Employee turnover is a major challenge for companies today, especially when the labor market is competitive and certain skills are in high demand. When an employee leaves, not only is the productivity of that person lost, but the productivity of many others is impacted.
Finding replacements can take months of time and effort on the part of hiring managers and recruiting staff, who are then forced to take time away from the work they could be doing. When a replacement is finally found, it takes weeks to months for that employee to be completely onboarded and working at full capacity. By some estimates, it costs about 20% of an employee’s salary to replace a position, and costs can be much higher — over 200% — for highly skilled and educated positions like many in demand today.
Retention of valued employees makes good business sense. Traditional approaches such as employee engagement surveys and proper training for managers are important components of a good workforce planning strategy. Now that ‘big data’ has arrived, the insights it provides are becoming an increasingly valuable part of that strategy.
This blog presents a relatively simple machine learning approach, using R, to harnessing workforce data to understand a company’s employee turnover, and predict future employee turnover before it happens so that actions can be taken now, before it’s too late.
- Create model to accurately predict employees who leave
- Identify key factors related to employee churn
The dataset represents fictitious/fake data on terminations from the Employee Attrition Kaggle competition. For each of 10 years it shows employees who are active or terminated. Lots of details and ways to explore the data can be found in Lyndon Sundmark’s fine tutorial.
In this analysis, R libraries are intentionally introduced and loaded at the point they are needed, to make it easier for readers to understand which libraries are required for specific portions of the analysis.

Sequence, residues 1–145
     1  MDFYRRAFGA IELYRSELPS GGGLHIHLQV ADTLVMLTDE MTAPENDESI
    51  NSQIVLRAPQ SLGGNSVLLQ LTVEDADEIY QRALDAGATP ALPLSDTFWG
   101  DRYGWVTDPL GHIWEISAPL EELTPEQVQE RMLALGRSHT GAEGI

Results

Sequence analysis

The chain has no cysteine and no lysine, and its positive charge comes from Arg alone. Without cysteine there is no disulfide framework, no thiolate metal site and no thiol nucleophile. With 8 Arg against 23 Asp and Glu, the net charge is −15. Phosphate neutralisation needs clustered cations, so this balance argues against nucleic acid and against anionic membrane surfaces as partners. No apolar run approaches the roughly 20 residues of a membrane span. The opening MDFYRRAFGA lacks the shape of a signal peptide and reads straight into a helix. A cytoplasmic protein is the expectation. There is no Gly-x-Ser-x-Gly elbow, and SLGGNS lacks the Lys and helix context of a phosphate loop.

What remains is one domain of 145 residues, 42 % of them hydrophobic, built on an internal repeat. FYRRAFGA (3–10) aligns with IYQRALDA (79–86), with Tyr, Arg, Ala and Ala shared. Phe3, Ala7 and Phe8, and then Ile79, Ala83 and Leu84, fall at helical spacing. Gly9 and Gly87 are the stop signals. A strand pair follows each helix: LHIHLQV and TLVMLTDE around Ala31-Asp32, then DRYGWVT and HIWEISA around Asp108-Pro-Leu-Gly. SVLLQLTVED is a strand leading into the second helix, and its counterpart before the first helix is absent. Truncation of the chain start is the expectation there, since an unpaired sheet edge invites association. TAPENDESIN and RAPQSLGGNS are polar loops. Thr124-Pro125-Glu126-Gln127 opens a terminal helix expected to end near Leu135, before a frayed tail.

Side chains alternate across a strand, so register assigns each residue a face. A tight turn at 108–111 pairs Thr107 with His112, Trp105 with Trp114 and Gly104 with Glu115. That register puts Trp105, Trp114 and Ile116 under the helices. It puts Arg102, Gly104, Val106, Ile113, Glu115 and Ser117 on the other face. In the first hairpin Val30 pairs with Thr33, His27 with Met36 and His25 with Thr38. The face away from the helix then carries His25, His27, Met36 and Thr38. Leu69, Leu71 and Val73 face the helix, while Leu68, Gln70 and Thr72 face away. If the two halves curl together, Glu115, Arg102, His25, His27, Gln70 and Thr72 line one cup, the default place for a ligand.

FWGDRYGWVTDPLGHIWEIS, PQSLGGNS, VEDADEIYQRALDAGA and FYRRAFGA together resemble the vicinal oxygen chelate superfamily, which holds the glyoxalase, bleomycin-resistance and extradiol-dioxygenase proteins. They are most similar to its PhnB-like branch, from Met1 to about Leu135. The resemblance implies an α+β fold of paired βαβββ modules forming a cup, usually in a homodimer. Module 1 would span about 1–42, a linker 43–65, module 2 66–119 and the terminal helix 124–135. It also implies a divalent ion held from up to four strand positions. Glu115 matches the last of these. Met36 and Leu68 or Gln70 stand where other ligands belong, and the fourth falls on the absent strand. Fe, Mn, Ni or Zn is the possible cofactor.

1. Let’s first look at the data
# load data emp <- read.csv("MFG10YearTerminationData_Kaggle.csv", header = TRUE) emp$termreason_desc <- as.factor(gsub("Resignaton", "Resignation", emp$termreason_desc)) # correct misspelling in original Kaggle dataset # basic EDA dim(emp) # number of rows & columns in dataData Summary
summary(emp) # summary stats
The dim function (dimension, above) shows that the dataset has 49,653 rows and 18 columns. The summary statistics reveal that there are about 7,000 employee IDs with records across years from 2006–15. The variables include hire and termination dates; birthdate, age, and gender; length of service; city, store, and department names; job titles; and status, status year, and termination type and reason. This list of variables is more limited than typically available to companies, but gives us enough to build and test some models.
First, let’s calculate how many employees leave each year:
# explore status/terminations by year library(tidyr) # data tidying (e.g., spread) library(data.table) # data table manipulations (e.g., shift) library(dplyr) # data manipulation w dataframes (e.g., filter) status_count <- with(emp, table(STATUS_YEAR, STATUS)) status_count <- spread(data.frame(status_count), STATUS, Freq) status_count$previous_active <- shift(status_count$ACTIVE, 1L, type = "lag") status_count$percent_terminated <- 100*status_count$TERMINATED / status_count$previous_active status_count
We can see that from 2006 to 2015 this company had between 4445 and 5215 active employees, and between 105 and 253 terminations. The termination rate jumped from about 2% in 2014 to almost 5% in 2015.
Let’s see the breakdown of employee terminations each year, by termination reason:
# create a dataframe of the subset of terminated employees terms <- as.data.frame(emp %>% filter(STATUS=="TERMINATED")) # plot terminations by reason library(ggplot2) ggplot() + geom_bar(aes(y = ..count..,x = STATUS_YEAR, fill = termreason_desc), data=terms, position = position_stack()) + theme(axis.text.x = element_text(angle = 90, hjust = 1, vjust = 0.5))